The main loop and the ADFs in PADO are structured as arbitrary directed graphs of nodes. Each node can have multiple outgoing arcs that indicate possible flows of control. Each node has two main parts: an action and a branch-decision. Each program has an argument stack and all PADO actions pop their inputs from this argument stack and push their result back onto the argument stack. The actions are drawn from a primitive set including the standard algebraic operations, minimum, maximum, negation, read from indexed memory, write to indexed memory, deterministic and non-deterministic branching instructions, and primitives related to the task of classifying images. The evaluation of PADO programs starts from a designated node. After the execution of each node, control is passed to the node chosen by the branch-decision function of the current node.

7.2.3 Cartesian GP

In Miller's Cartesian GP ( Miller1999Miller and Smith2006), programs are represented by linear chromosomes containing integers. These are divided into groups of three or four. Each group corresponds to a position in a 2-D array. One integer in each group defines the primitive (e.g., an AND gate) at that location in the array. Other integers in the group define the locations (coordinates) in the genome from which the inputs for that primitive should be drawn. Each primitive does not itself define where its output is used; this is done by later primitives. A primitive's output may be used more than once, or indeed not used at all, depending on the way in which the other functions' inputs are specified. Thus, Cartesian GP's chromosomes represent graph-like programs, which is very similar to PDGP. The main difference between the two systems is that Cartesian GP operators act at the level of the linear chromosome, while in PDGP they act directly on the graph. Also, traditionally Cartesian GP has always used mutation as its main search operation, while PDGP used both crossover and mutation. However, recently a new crossover has been proposed for Cartesian GP that provides faster convergence (Clegg, Walker, and Miller2007).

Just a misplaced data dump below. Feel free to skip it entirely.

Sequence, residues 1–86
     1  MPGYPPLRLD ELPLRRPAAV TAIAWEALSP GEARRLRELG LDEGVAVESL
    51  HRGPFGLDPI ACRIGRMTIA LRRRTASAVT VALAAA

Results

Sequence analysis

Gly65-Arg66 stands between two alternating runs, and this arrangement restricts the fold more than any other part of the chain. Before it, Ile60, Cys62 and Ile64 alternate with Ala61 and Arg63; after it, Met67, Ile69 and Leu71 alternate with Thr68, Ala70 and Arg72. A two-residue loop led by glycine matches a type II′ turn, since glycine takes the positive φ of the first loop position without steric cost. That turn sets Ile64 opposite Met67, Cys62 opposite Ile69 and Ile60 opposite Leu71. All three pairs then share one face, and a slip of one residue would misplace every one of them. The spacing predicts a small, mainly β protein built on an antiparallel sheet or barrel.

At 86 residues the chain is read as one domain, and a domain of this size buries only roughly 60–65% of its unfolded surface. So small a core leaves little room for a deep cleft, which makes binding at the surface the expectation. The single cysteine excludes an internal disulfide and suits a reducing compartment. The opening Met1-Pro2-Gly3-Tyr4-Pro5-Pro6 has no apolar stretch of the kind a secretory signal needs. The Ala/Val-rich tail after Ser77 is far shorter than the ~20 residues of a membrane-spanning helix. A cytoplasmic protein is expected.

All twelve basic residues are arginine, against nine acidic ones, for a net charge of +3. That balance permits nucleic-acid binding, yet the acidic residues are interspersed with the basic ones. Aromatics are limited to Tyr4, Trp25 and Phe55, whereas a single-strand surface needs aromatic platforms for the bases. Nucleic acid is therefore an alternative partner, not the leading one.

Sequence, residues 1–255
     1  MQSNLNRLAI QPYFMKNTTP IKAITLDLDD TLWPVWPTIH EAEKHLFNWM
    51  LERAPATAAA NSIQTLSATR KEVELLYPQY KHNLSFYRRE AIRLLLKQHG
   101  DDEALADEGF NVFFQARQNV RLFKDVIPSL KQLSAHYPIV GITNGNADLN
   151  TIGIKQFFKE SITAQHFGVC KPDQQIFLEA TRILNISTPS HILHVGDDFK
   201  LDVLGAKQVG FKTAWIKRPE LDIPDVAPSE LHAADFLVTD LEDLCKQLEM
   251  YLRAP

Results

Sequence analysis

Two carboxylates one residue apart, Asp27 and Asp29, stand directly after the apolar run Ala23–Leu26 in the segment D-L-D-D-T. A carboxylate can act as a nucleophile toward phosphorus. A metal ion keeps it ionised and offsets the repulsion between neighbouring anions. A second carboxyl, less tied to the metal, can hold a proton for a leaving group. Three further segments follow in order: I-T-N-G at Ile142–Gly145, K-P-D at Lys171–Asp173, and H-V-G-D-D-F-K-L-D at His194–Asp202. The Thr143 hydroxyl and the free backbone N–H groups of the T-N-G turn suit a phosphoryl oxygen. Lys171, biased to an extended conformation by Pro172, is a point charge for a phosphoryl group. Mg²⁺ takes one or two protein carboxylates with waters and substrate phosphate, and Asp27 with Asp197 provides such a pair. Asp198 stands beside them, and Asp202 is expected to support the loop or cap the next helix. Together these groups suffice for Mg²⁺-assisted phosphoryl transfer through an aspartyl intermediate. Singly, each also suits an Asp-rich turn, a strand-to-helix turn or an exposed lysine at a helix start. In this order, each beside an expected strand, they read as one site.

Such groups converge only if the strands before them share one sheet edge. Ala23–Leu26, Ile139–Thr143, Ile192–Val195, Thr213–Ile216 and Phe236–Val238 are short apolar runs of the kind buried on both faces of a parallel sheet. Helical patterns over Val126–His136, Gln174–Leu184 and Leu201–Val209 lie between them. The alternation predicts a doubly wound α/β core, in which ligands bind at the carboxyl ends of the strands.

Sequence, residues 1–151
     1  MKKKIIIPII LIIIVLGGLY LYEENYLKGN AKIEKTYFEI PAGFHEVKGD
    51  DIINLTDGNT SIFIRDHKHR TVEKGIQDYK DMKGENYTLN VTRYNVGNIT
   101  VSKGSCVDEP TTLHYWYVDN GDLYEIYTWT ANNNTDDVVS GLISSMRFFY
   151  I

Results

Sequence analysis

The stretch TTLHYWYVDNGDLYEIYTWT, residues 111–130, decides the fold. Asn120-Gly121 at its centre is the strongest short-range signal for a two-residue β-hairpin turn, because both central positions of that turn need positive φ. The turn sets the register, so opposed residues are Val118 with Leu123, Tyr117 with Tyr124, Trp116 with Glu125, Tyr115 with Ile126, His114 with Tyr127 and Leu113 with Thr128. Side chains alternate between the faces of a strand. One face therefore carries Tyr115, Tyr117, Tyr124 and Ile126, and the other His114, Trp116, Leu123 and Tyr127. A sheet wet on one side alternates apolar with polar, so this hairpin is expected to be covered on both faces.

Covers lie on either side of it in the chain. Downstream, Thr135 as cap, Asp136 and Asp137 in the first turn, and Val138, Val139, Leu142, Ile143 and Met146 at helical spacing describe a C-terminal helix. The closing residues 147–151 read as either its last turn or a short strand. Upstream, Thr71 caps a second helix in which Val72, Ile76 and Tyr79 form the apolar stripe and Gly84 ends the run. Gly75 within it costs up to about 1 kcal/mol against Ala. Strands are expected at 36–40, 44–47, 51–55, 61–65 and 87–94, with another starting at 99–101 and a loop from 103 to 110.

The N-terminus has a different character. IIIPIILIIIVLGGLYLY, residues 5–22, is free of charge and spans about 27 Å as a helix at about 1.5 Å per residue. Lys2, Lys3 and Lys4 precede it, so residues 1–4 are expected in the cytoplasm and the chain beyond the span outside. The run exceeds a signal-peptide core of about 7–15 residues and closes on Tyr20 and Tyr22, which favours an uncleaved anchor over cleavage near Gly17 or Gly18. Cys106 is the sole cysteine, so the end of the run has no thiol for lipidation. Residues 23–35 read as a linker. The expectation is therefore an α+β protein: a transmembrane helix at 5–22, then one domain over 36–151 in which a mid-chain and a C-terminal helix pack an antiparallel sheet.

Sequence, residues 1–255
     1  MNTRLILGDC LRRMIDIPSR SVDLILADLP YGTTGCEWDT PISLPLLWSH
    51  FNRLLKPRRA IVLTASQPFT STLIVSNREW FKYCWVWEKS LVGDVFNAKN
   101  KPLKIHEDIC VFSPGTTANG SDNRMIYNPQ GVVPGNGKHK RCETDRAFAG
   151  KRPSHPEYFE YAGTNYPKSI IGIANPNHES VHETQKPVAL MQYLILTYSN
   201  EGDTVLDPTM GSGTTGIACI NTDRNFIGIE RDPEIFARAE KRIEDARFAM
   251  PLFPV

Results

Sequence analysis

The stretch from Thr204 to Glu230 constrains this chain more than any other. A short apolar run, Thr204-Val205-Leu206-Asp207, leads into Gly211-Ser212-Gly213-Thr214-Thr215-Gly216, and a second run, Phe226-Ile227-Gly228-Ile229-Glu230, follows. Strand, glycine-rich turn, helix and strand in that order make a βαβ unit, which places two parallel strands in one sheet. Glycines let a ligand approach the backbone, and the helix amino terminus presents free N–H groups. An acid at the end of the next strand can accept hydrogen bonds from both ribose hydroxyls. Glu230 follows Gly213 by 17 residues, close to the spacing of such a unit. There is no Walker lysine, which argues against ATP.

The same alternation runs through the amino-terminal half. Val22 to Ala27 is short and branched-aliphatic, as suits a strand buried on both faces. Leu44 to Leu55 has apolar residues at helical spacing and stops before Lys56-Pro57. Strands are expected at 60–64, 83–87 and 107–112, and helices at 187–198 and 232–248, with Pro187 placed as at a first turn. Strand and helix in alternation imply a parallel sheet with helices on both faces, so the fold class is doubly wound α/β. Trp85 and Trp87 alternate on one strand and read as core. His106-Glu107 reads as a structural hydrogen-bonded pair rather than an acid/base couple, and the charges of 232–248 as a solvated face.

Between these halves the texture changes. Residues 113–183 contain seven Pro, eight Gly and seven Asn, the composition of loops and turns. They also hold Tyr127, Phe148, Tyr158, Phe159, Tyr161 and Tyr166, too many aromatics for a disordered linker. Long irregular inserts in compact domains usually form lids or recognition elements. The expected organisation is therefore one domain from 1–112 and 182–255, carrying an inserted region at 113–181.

7.2.4 Evolving Parallel Programs using Indirect
Encodings

The graph-based systems discussed above use representations which directly encode parallel programs. However, it is also possible to use non-graph-based GP to evolve parallel programs. For example, Bennett ( 1996) used a parallel virtual machine in which several standard tree-like programs (called "agents") would have their nodes executed in parallel. He included a two-stage mechanism which simulated parallelism of sensing actions and simple conflict resolution (prioritisation) for actions with side effects. Andre, Bennett, and Koza (1996) used GP to discover rules for cellular automata, a highly parallel computational architecture, which could solve large majority-classification problems. In conjunction with an interpreter implementing a parallel virtual machine, GP can also be used to translate sequential programs into parallel ones (?), or to develop parallel programs.